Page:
Tuesday, 6 July 2010

Spectrum Magazine 25th June 2010

14.The skin I am in

Its been a full day so far, and I can’t do the bloody move. Hanging on a rope just below the handhold, nursing my index finger.

I am on a hard rock climb in Glen Ogle called “Off the beaten Track” its an 8a route put up by a friend of mine and he has thin fingers. Whilst the grade of the climb will mean nothing to most, the issue is this. Its very steep it overhangs 4m in its 18m length. When you lower from the top of the route you spin around in space unable to touch the rock. Its also very complicated, and powerful. Climbing at this level is like learning a dance routine, every movement very specific, every foot placement has to be precise to the centimetre, every hand hold has to be taken millimetre perfect. But for each climber attempting the route, the dance is slightly different the change in sequence dictated by morphology. There are 60 individual, identifiable hand and foot movement required to be performed in succession, almost perfectly.

Although hard, this route is not at the super elite level but there are still only a handful of climbers able to complete this climb so it’s a very nice prize, and to do the route in a day a true test. When you are at your limit it’s the minutia, that start to matter, the temperature of the rock, the humidity content of the air the state of you climbing shoes, and your skin.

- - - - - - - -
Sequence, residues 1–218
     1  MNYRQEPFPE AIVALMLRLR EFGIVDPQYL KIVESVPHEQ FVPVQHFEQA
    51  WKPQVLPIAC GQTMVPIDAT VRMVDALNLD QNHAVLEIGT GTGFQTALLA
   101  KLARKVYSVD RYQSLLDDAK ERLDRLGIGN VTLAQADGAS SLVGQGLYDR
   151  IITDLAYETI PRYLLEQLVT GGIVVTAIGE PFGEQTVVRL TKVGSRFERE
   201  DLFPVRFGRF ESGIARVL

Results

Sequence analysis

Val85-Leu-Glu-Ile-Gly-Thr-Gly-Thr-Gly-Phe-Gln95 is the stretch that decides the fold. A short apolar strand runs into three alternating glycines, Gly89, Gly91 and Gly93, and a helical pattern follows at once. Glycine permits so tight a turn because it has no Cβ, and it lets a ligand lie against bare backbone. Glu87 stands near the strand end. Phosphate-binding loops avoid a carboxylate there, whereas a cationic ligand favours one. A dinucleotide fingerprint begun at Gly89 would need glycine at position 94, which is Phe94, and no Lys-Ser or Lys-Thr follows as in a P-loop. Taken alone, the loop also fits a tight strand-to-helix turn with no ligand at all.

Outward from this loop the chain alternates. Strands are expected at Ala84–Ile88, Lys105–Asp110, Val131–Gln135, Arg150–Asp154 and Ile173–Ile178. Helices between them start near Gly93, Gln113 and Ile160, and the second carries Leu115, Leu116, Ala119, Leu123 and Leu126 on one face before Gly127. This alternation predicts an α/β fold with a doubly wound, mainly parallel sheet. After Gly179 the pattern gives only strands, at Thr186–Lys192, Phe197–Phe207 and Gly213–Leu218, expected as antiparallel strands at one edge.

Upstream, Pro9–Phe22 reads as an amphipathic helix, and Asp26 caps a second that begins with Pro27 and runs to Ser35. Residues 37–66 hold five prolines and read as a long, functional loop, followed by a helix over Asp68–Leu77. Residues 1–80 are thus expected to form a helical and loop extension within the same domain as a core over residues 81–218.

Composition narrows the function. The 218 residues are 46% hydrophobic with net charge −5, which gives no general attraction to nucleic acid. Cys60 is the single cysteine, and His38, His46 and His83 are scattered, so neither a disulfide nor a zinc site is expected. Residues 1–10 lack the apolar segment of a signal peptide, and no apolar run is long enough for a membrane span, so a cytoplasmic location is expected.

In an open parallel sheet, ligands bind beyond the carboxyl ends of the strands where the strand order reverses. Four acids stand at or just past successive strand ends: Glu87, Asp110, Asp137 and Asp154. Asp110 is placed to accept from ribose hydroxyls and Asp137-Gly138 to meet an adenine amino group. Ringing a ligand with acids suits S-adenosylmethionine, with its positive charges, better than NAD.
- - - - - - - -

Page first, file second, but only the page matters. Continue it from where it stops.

The hold for my left hand is the size of the top an iPod Nano, (quite good, really) my left on an edge the size of a small USB stick, I lift my left foot on to a pound coin sized dimple. I have to reach up high with my right hand and stuff the tips of two fingers into a small hole in the rock, there is a sharp crystal of quartz in this hole and it hurts as it presses into the joint of your index finger. It cuts into the skin.

For 15 years I have trained to get stronger to climb on bits of rock, I have driven thousands of miles to find warm dry rock, spent a fortune on flights, gear and rope and climbed in four continents in the pursuit of this 2cm deep hole. I forgot, the other factor here is of course gravity. Gravity sucks, literally on a good day you can pull into the vertical world and you feel light, bouncy and open. On a bad day its slow, heavy and your nervous.

The fear of falling is always there, sometime its very strong and it restricts your vision, compresses your movement, sometime its just a slight background noise an inconvenience, a waste of effort. However today I have another problem, the fallibility of our biggest organ (from Latin cutis, skin). It is the wrap that holds the bag of our body together; it lets us know many things. It is the interface between our soul, mind, body and our environment. It is crucial in our understanding of our state of being. It is both tough and delicate. On my right index finger in climbing parlance, I have a large flapper, the deep wide tear in the skin is now bleeding, the strain of my body weight on the crystal edge just too much for my to take. So that’s it, game over. No more attempts on this baby. I have known many climbers scream in frustration when this happens, years of training, pent up ambition, the competitive edge bursting out, just as the skin gives way to human fallibility. 5 layers of flesh between success and failure, the nice thing is though; it grows back and is easily healed, unlike the ego.

No comments:

Post a Comment